If you find that the total monthly interest payment it is more than you can actually manage… (and I don’t mean that you would find it difficult… I mean that it would be impossible to meet that amount with your income…) then we need to find another solution. One approach is to contact the lenders and explain the situation, try to negotiate a payment plan against your outstanding debt at a reduced rate. Beware though, it is not unheard of for lenders to panic and try to call in the loan. Check your terms and conditions first. Another approach is to find a lender who will consolidate your debts into one loan at a lower monthly payment than those that you have now. This is a tidy solution, but if you are in financial difficulty, it can be difficult to find someone willing to lend to you. Another option is to talk to family members, if you are lucky enough to have someone in a position to help. If they are willing to lend you any amount for a period of time to get your head above water… it could make a huge difference. Remember that even if you offer them some interest that is lower than the amount you are currently paying – you should be better off. It can be very awkward to approach this and always make sure that you clearly record the agreement with any agreed interest and a pre-agreed repayment date so that there can be no misunderstanding later on.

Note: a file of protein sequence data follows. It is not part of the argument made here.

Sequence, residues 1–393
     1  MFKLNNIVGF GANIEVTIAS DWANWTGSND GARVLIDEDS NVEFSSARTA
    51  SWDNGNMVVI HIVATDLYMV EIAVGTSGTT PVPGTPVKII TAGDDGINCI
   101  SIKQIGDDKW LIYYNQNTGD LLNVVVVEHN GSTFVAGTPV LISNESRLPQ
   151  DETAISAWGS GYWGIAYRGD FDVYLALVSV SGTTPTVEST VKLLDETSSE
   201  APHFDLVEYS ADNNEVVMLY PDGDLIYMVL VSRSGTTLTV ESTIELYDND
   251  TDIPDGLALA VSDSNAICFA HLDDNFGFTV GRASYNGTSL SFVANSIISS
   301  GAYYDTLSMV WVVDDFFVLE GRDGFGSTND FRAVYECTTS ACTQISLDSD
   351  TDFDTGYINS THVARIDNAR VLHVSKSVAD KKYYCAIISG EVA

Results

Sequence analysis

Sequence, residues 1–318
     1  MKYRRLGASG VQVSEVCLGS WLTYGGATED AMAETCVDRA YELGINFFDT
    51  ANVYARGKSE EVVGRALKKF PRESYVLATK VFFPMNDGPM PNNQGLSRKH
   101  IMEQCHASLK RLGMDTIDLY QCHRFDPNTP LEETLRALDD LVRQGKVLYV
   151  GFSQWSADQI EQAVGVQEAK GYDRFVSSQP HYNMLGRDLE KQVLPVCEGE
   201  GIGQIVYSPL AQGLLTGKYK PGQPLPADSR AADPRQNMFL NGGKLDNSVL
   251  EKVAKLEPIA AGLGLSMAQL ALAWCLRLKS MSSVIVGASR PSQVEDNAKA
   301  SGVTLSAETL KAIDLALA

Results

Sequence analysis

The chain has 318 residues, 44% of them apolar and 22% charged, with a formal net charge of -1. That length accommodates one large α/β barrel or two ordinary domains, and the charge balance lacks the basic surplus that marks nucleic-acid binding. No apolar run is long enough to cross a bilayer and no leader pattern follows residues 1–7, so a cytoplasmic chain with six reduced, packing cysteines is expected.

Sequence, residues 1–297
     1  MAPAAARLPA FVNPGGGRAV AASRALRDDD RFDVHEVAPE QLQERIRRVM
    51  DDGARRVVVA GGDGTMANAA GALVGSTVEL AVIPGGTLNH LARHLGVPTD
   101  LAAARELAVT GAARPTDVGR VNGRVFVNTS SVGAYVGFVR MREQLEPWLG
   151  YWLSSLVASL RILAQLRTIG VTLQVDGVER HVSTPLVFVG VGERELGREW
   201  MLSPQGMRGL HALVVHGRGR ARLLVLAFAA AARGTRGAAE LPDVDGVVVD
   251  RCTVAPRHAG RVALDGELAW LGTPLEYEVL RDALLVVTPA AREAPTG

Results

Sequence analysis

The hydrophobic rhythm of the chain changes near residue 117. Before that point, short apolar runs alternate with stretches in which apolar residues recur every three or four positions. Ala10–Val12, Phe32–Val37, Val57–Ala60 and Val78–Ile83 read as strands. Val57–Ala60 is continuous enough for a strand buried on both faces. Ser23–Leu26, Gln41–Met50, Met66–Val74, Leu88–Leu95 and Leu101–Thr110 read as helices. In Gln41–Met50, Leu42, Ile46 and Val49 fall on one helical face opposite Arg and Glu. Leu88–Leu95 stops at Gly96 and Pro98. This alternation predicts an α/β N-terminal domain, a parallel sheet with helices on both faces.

Once you have started to pay off your debt, set yourself a target each month and then try to exceed it. Until these debts are paid off, forget investing, forget holidays or treating yourself. At this point, nothing should give you greater joy than seeing that number coming down. Look at it as a countdown to the moment you can start supercharging your financial growth with POSITIVE INTEREST RATES!!!!!!
6. Ring-fence your ‘safety net’ first.
Once you have clawed your way out of debt, the next step is to build a rainy day fund. This is your war chest in case of illness, job loss, ceiling falling in, car finally giving up etc. etc. etc. The logic behind ring-fencing this amount rather than investing it, is that most investments that give you decent returns are not designed to give you instant access to your money. That’s because either they are fixed-term investments, or because the value of the investment can fluctuate, and you don’t want to have to withdraw money at the wrong time. Most people seem to agree that about 3 months salary is enough to hold back for emergencies. I think that’s a bit excessive in these days of terrible interest on savings. I generally keep about one to two months’ salary in cash savings.
It might take you a few months to complete steps 5 and 6… it might take ten years. Either way, the most important thing is to stay consistent and keep your eyes on the prize. Of course you will need to spend more occasionally and take the odd holiday. The important thing is that you track your progress and that the overall trend is moving you away from debt and on with the rest of your life. Once you’ve completed these two difficult steps, we can get started with the really FUN stuff!
Next blog: Steps 7 & 8 – ‘Set BIG Goals’ & ‘Invest: Pay Yourself First’